February 18, 2020

The Hidden Cost of Israel's Wars

“In 2009, the Obama administration made the decision to cancel the practice of censoring photographs of servicemen’s coffins as they arrived back from Iraq or Afghanistan.

The policy had been put in place 18 years earlier during the First Gulf War to protect national morale but was ultimately criticized for hiding the truth about the war from the American public and by doing so, allowing it to continue.

Military censorship, much like propaganda, is essentially a modern phenomenon. Both are born of an amalgamation of all-out war, where public opinion factors into the home front’s resilience, and by extension improving the chance to ultimately win over mass media outlets.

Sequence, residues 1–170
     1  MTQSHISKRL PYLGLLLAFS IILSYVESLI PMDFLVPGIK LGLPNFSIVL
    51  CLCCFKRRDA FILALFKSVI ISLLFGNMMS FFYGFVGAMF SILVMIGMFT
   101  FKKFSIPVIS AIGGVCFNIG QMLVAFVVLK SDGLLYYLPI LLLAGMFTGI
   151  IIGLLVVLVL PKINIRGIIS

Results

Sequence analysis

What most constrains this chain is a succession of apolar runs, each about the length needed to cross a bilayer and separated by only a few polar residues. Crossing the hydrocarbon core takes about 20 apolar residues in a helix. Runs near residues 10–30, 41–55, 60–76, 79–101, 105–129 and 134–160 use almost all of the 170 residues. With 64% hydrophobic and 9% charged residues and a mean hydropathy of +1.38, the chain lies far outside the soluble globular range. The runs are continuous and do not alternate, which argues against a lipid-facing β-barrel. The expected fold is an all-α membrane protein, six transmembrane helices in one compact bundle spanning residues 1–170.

During WWI, many of the fighting nations were quick to set up dedicated censorship authorities responsible for how and when the names of soldiers who were dying each day should be released to the public and how much information should be available as well.

In the 100 years since the complex efforts of censors became more and more difficult as mass media technologies evolved. The American practice of banning publication of any images of these coffins was unusual for its time and has since been scrapped.”

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